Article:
Decoding what your dog is trying to say is an immensely helpful training tool, and this understanding can help bring you and your canine companion close.
Anyone who has spent much time in the company of dogs knows how desperately they try to understand what their people want from them. Nothing is more important to man’s best friend than to know he is in close communication with his familial pack. To achieve this, your dog will be on constant watch for signs of communication from you and adversely conversing with feedback of his own.
Barking Dog Statistics
Thanks to organizations like the North Shore Animal League (NSAL) many unwanted dogs have been adopted and found forever homes regardless of perceived behavioral problems. According to NSAL statistics, over 10 percent of all adopted dogs are returned to U.S. shelters because of behavioral issues. Further studies, done by the Human Society of the United States, have delved deeper into the specifics of canine behavioral problems to find that 41 percent involve excessive and inappropriate barking.
Any dog expert will tell you; dogs bark for a reason. Every time a dog uses its voice it has meaning and decoding your dog’s bark will not only help you communicate better with your dog but will also help decipher a whole host of other issues about your dog.
Dog Trainers Define Dog Barking
Defining the reasons dogs bark is not an exact science but many experts, like National Geographic’s Cesar Millan, have made great strides in understanding the critical components of barking in dogs. According to a feature article in Millan’s canine publication, Cesar’s Way, there are four elements behind a dog’s bark, and each carries a clear message.
- “I am Bored” – Cesar cites a case when he worked with a dog named Fella. Fella is a Jack Russell Terrier and Greyhound mix with an overabundance of energy. Both breeds behind Fella’s make-up dictate that he will be an energetic little dog but when this character trait develops into incessant barking his owner’s very sanity can be tested. In Fella’s situation, there was a combination of factors, boredom being the primary one, but also Fella was experiencing separation anxiety. With Cesar’s help, Fella’s owners began to accurately translate Fella’s intent and put their dog on a vigorous exercise regimen that included long walks and playtime before and after work. The separation anxiety was addressed by a ritualistic exercise that included leaving home for very brief periods of time and extending the absence a little at a time, assuring Fella that leaving did not equate to abandonment.
- “I am spoiled” – Not all of us can provide our dogs with a one-hundred-dollar weekly toy allowance, nor do our dogs have a cashmere sweater for every day of the month. This opulence was the life of another of Cesar’s charges named Prada. While our dogs may not be the extremely pampered pooch that Prada is, we all spoil our dogs to some extent. To recognize the attitude associated with a bratty bark, that has advanced to occasional growling, dog experts did not have to look far. Prada’s owners were operating from a place of guilt over having lost Prada’s mate and were overcompensating. In this case, as with most dog training corrective methods, you eliminate the cause and then work on the behavior. Learning to address their dog with calmness and clarity soon eliminated Prada’s socially unacceptable acting out.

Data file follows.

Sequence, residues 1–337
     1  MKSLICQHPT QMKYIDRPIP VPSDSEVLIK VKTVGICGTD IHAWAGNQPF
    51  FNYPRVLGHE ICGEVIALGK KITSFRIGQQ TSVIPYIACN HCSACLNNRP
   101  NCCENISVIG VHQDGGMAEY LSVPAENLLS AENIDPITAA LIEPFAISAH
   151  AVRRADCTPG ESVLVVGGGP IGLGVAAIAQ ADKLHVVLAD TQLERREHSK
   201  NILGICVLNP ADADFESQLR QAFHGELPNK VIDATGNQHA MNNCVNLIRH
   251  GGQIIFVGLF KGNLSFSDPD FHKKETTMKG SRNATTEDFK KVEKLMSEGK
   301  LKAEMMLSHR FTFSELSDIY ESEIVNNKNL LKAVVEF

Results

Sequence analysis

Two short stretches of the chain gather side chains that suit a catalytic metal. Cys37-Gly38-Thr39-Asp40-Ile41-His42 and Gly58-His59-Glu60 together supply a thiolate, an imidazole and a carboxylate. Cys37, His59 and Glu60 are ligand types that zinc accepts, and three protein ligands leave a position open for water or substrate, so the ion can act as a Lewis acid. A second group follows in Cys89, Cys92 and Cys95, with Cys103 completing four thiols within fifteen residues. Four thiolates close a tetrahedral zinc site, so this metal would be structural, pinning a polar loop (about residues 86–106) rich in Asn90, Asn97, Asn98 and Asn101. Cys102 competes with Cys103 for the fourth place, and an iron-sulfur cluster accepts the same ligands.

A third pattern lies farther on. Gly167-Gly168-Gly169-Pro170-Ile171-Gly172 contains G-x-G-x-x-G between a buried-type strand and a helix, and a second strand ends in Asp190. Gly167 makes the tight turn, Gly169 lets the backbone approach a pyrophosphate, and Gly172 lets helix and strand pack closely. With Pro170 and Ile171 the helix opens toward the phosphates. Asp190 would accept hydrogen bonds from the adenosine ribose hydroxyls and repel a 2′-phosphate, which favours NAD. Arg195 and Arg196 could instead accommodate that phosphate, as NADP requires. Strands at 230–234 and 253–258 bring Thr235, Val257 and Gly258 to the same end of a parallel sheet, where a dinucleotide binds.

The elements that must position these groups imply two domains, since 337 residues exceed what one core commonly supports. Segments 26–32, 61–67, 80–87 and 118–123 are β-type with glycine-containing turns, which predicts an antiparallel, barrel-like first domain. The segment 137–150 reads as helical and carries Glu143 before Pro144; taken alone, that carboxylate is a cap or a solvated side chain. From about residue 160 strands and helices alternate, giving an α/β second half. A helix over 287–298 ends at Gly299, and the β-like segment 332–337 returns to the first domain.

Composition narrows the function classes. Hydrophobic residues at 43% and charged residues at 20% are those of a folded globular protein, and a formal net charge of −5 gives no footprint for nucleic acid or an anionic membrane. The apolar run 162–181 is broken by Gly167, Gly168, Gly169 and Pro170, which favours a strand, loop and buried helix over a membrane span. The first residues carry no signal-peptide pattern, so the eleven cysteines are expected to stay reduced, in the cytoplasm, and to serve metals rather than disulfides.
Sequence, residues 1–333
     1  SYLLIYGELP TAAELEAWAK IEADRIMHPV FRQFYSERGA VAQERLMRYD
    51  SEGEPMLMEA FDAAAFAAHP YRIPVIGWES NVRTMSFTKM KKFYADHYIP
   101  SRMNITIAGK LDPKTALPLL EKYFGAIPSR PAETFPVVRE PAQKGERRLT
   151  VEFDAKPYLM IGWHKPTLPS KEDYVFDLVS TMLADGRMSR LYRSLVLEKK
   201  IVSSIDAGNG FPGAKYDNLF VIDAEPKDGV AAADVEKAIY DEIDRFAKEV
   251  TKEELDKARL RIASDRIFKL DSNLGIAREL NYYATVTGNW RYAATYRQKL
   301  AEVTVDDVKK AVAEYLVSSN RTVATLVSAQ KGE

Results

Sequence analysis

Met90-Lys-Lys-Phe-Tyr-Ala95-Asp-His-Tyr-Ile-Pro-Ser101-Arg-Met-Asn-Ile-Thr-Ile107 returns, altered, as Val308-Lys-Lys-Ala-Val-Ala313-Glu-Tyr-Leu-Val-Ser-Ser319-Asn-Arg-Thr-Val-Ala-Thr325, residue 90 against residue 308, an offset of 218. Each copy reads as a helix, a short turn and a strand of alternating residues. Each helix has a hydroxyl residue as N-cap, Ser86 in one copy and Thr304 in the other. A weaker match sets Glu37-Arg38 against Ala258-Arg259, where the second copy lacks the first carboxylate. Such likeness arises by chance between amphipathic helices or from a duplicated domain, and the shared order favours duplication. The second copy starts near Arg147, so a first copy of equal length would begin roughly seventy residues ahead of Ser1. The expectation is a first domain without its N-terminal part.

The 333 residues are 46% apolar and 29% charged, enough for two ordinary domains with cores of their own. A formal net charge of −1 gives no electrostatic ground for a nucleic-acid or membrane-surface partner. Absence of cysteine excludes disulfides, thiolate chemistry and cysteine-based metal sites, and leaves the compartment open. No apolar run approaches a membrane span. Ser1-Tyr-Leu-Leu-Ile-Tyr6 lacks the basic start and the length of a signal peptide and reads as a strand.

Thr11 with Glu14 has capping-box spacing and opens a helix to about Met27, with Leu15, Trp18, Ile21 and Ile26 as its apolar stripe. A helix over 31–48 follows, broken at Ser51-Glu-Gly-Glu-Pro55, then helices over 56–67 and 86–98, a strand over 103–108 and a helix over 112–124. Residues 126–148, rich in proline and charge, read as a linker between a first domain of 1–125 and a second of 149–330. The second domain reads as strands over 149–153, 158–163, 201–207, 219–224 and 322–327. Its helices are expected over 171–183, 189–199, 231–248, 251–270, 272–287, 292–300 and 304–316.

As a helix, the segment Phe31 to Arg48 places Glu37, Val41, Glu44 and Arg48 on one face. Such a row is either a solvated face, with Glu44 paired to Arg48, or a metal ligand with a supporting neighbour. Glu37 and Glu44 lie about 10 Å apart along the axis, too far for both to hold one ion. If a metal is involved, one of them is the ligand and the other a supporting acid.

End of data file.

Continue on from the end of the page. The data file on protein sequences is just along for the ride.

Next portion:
- “I am Confused” – Sonny, a rescued German Shepherd, had an early fright brought on by a stranger that left him confused about people’s intentions and traumatized. This ordeal left Sonny apt to bark loudly and often. The key to Sonny’s evolution came in the form of extensive socialization and a rewarding system. When Sonny approached a stranger or a potentially overwhelming situation calmly, he was offered a treat. It was also important for Sonny to have confidence in his “pack leader.” This came after Sonny’s owners learned to stop enhancing his anxieties by offering affection when he was upset, whereby reinforcing his agitation.
- “I am Scared” – Hootie had aspirations for the doggie world equivalent of the National Olympics in agility. His dreams were quickly squashed by a hoard of loud and raucous skateboarders as they unintentionally barreled down on the dog and his owner while they were out for an afternoon walk. Since then, Hootie has cowered and barked, non-stop, at the sight of any young person. His fear left him stymied and unable to socialize, let alone compete. The cure for Hootie’s panic-based barking had two tiers. He had to experience children head-on. For this Cesar brought his oft-available sons and side-kicks, Calvin and Andre. Once Hootie realized “small people” were nothing to fear, the barking stopped. Cesar is convinced that dog’s do pick up on their owners fear, so that part of the issue had to be addressed as well.
Dog Experts – Deciphering the Bark
Cesar makes use of a widely acclaimed behavior guide called, How Dogs Think. Written by canine psychologist Stanley Coren, the book hones in on the correct interpretation of dog barking. Coren says, “The underlying rule seems to be that the longer the sound, the more likely the dog is making a conscious decision about the nature of the signal and the behaviors that are to follow.”
Coren further takes into account repetition and intensity which allows dog owners to read their dog’s urgency and react accordingly. And remember, as, with all behavioral modification, much practice is essential for any dog training to be effective.
Your Dog Has Different Kinds of Barks — Here’s Why
- Dog Fancy Magazine, “The Secret Language of Barking – What is your dog trying to tell you?” Pg 46
- North Shore Animal League America Website